Sunday's Super Bowl 54 will be kicked off by Demi Lovato performing the national anthem in Miami, Florida, at the Hard Rock Stadium.
Over the years, there have been some memorable renditions of "The Star-Spangled Banner" at major sporting events, some more unforgettable than others. From the likes of Whitney Houston to Lady Gaga as well as Steven Tyler and Fergie, we've rounded up ten of the most memorable performances of our nation's anthem.
1. Whitney Houston
Whitney Houston sang "The Star-Spangled Banner" at Super Bowl 25 in 1991 in Tampa alongside the Florida Orchestra. The superstar’s rendition is often revered at the best version of the national anthem due to her seemingly effortless performance, suiting the wave of patriotism flooding the United States at the height of the Persian Gulf War. Public demand led Arista Records to release the recording of her performance as a commercial single.
2. Jennifer Hudson
Jennifer Hudson's rendition of the national anthem at Super Bowl 43 in 2009 is seen as one of the closest performances to Houston's 1991 version. Hudson's powerful voice paired with the soft, theatrical arrangement brought "The Star-Spangled Banner" to new heights.
3. Lady Gaga
The year before her major halftime show at Super Bowl 51, Lady Gaga slowed things in 2016 for a stripped-down piano rendition. Featuring everything from airy high notes in her falsetto to a brazen belt at the end, Lady Gaga made it her own, all while donning red, white and blue sparkling attire and accessories.
4. Kelly Clarkson
At Super Bowl 46 in 2012, Kelly Clarkson took on the challenge of an a cappella performance, only accompanied by snare drums and a choir. Clarkson's vocals soared throughout her rendition, putting her flawless performance front and center. A decade after her "American Idol" crowning, the original idol proved she still had the chops needed to deliver a stirring rendition of this classic.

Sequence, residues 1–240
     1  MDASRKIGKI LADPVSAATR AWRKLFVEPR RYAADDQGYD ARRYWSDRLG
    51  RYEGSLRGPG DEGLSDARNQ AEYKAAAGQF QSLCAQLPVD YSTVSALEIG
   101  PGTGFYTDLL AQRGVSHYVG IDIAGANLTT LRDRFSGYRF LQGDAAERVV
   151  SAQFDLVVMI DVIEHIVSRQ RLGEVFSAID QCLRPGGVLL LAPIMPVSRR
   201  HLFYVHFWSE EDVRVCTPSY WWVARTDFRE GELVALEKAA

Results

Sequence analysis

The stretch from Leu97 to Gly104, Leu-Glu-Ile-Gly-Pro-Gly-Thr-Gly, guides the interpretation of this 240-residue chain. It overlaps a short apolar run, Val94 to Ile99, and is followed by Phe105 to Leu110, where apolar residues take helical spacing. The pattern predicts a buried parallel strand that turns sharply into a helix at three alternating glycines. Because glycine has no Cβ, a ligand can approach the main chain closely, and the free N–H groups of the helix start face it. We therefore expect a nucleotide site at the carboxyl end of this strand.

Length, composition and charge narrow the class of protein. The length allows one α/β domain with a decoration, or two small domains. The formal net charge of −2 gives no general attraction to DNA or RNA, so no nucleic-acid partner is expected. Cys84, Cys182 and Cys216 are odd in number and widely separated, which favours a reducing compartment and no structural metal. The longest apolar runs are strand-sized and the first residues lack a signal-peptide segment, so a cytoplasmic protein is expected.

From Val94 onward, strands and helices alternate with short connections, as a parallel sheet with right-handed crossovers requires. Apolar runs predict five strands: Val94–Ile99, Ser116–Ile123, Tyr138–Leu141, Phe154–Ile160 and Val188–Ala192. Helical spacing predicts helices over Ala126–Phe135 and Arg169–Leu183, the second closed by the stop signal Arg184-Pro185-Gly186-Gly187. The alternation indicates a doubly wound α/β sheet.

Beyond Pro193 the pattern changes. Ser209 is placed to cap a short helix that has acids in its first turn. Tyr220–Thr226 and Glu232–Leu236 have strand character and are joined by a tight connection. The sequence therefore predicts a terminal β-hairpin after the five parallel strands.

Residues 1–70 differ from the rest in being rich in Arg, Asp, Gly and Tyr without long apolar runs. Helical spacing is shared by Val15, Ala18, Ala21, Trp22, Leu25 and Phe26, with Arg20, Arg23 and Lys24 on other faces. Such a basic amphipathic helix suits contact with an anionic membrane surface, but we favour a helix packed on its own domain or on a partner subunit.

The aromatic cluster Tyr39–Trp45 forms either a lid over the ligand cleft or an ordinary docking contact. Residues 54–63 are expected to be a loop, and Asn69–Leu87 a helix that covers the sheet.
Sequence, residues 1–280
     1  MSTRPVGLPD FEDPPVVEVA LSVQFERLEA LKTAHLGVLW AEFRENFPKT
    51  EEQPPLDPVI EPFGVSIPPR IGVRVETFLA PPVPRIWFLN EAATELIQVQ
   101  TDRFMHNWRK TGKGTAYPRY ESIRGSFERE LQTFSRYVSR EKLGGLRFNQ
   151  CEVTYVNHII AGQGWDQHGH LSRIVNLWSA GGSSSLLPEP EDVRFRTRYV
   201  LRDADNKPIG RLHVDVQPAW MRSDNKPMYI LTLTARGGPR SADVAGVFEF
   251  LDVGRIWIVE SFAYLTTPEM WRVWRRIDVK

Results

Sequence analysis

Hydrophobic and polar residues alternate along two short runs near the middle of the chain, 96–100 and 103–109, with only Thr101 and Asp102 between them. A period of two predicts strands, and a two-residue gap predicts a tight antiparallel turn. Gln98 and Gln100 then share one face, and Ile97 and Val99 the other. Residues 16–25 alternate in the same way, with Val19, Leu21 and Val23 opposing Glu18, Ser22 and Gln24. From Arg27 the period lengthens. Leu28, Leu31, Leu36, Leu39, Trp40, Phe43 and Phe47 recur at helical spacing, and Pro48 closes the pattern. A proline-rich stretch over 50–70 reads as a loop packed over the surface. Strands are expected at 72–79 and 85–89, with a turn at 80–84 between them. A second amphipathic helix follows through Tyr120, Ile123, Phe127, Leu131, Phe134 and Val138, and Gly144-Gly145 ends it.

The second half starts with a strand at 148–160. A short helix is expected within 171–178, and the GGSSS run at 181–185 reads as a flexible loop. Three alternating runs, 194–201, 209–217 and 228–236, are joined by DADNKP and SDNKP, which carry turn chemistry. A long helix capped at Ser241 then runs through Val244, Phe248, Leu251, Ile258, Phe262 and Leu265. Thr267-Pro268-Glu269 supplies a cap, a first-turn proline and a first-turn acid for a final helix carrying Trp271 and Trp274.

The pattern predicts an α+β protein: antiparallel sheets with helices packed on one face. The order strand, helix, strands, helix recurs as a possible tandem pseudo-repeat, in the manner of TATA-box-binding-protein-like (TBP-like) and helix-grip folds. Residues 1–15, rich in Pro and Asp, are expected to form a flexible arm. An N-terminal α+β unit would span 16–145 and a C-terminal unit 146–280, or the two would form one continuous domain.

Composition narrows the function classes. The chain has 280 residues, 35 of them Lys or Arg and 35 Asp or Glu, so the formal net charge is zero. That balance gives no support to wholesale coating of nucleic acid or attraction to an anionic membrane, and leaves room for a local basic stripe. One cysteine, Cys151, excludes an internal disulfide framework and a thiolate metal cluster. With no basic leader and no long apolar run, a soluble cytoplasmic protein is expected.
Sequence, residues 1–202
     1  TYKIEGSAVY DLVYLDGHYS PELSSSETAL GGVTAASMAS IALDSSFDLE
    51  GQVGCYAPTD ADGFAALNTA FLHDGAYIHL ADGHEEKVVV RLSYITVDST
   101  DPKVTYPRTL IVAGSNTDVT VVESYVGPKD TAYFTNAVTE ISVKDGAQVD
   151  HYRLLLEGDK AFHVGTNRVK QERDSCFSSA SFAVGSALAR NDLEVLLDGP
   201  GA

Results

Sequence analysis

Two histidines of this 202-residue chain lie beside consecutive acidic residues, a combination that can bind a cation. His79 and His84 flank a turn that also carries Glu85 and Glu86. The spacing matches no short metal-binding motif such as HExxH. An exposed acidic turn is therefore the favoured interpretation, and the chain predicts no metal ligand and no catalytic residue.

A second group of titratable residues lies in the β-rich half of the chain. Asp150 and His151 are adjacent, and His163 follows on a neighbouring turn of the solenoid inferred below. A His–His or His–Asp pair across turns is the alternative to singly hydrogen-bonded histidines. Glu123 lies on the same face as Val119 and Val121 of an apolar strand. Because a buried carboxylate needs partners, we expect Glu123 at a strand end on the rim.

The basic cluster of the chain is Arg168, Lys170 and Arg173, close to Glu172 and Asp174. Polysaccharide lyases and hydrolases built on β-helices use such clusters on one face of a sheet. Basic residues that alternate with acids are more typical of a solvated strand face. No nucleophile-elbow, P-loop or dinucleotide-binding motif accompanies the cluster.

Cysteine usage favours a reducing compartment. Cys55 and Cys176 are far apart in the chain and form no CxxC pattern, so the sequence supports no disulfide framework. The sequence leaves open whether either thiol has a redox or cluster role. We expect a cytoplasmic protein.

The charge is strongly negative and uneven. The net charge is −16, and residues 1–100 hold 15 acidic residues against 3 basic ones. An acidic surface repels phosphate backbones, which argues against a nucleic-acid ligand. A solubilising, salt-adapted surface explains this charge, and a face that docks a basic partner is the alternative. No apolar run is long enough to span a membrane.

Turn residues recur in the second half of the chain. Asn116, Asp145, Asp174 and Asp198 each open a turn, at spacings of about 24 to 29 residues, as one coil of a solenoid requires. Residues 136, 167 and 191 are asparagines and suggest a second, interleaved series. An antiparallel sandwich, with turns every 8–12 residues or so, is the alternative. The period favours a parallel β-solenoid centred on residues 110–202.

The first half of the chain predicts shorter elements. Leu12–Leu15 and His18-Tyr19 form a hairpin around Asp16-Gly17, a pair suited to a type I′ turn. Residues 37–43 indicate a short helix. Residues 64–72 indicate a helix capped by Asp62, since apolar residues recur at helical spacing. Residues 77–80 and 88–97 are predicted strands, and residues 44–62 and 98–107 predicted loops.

Beyoncé tackled "The Star-Spangled Banner" back in 2004 in her home city of Houston at Super Bowl 38. Beyoncé climbed octaves throughout her entire performance, proving her vocal abilities once and for all, all while making her home city proud.
6. Christina Aguilera
Known for her powerful voice and occasionally over-the-top runs, Christina Aguilera took on the national anthem solo at Super Bowl 45 in 2011, opting for an a cappella performance sans any instrumentals. Her performance incorporated some creative liberties and missed a few key lyrics to "The Star-Spangled Banner."
“I can only hope that everyone could feel my love for this country and that the true spirit of its anthem still came through,” Aguilera said in a statement after that game.
Everyone has rough days sometimes. Fergie's jazzy version of the national anthem at the NBA All-Star Game in 2018 didn't quite do it for the players and fans, and was seen as an "over-sexualized" version of the song.
"I've always been honored and proud to perform the National Anthem and last night I wanted to try something special for the NBA. I'm a risk taker artistically, but clearly this rendition didn't strike the intended tone. I love this country and honestly tried my best," she said in a statement at the time.
We still love you, Fergie Ferg!
8. Roseanne Barr
Roseanne Barr sang the national anthem at a San Diego Padres game in 1990 on a much smaller stage than any Super Bowl or All-Star Game. She didn't miss any of the lyrics, but she did unfortunately miss a majority of the notes.
President Bush called Barr’s performance “disgraceful” at the time, while opera star Robert Merrill called it “a national disgrace.”
9. Steven Tyler
Steven Tyler's solo rendition of the national anthem started off with him playing the harmonica in a star-printed suit. The rock singer did make it his own, singing (and screaming) it just as he would any Aerosmith tune.
”I got in trouble my whole life for having a big mouth,” Tyler said after his controversial performance, in which he changed the anthem’s closing words. ”I’m very proud to be an American, and live in the home of the brave.”
“While we are certainly sorry that some were offended, it was neither our intention nor that of Mr. Tyler to be disrespectful,” Indianapolis Motor Speedway President Tony George said in a statement. ”All of us have the utmost respect for the sacrifice our veterans have made for us.”
10. Carl Lewis
Former Olympian Carl Lewis is a legend in his own right, but certainly not for his 1993 national anthem performance at a Nets versus Bulls basketball game. The performance was missing some of the lyrics and was ultimately dubbed "Francis Scott Off-Key" by an ESPN sportscaster.
“An unintentionally comical rendition,” the Chicago Sun-Times called it at the time, writing that Lewis was “failing miserably to hit several high notes.”